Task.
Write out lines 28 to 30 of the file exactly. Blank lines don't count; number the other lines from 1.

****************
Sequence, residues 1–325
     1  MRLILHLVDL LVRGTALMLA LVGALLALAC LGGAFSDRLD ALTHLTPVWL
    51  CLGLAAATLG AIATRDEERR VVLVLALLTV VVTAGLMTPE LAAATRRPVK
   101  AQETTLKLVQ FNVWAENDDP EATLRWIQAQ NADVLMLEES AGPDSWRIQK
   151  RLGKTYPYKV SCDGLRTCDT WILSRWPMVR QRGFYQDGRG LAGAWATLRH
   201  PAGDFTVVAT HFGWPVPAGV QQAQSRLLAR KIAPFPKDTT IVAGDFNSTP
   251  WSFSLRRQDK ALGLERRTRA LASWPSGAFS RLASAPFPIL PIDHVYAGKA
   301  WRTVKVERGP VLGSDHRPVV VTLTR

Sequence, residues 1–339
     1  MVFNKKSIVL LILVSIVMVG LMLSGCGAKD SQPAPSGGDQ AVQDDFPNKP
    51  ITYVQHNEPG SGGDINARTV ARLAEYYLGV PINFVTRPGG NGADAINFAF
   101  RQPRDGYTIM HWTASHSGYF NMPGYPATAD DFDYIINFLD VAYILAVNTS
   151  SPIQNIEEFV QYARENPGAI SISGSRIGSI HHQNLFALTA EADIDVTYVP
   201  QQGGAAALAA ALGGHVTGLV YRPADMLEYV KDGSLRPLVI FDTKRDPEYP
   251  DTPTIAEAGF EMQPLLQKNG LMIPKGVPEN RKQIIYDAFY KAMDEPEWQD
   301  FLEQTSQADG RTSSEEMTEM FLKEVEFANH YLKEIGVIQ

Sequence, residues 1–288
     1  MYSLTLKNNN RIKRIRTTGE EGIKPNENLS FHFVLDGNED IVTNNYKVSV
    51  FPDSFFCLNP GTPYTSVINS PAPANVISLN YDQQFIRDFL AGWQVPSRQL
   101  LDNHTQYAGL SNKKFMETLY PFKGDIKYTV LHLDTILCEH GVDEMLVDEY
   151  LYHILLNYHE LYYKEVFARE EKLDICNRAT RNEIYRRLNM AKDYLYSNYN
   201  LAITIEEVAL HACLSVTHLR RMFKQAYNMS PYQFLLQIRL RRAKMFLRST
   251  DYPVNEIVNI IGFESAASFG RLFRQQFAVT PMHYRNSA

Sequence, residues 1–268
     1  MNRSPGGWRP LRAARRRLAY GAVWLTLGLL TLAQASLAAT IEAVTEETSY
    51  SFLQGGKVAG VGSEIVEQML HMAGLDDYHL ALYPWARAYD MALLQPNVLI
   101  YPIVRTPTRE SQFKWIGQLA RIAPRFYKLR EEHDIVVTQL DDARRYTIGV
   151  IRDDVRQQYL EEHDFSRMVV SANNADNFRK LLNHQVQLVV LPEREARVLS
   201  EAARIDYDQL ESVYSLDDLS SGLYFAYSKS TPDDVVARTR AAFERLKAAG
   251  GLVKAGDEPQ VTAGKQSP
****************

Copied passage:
   151  IRDDVRQQYL EEHDFSRMVV SANNADNFRK LLNHQVQLVV LPEREARVLS
   201  EAARIDYDQL ESVYSLDDLS SGLYFAYSKS TPDDVVARTR AAFERLKAAG
   251  GLVKAGDEPQ VTAGKQSP